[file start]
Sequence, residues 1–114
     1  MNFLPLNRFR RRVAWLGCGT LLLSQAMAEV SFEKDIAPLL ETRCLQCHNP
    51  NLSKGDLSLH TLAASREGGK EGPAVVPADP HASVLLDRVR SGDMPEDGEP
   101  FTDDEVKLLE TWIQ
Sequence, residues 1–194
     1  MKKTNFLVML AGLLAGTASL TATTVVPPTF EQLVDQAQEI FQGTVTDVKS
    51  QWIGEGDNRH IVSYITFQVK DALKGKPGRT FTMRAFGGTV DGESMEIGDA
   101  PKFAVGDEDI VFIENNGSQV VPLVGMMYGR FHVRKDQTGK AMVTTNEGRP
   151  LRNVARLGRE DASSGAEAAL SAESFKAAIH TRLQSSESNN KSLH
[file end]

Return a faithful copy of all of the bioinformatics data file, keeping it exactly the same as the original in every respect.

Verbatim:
Sequence, residues 1–114
     1  MNFLPLNRFR RRVAWLGCGT LLLSQAMAEV SFEKDIAPLL ETRCLQCHNP
    51  NLSKGDLSLH TLAASREGGK EGPAVVPADP HASVLLDRVR SGDMPEDGEP
   101  FTDDEVKLLE TWIQ
Sequence, residues 1–194
     1  MKKTNFLVML AGLLAGTASL TATTVVPPTF EQLVDQAQEI FQGTVTDVKS
    51  QWIGEGDNRH IVSYITFQVK DALKGKPGRT FTMRAFGGTV DGESMEIGDA
   101  PKFAVGDEDI VFIENNGSQV VPLVGMMYGR FHVRKDQTGK AMVTTNEGRP
   151  LRNVARLGRE DASSGAEAAL SAESFKAAIH TRLQSSESNN KSLH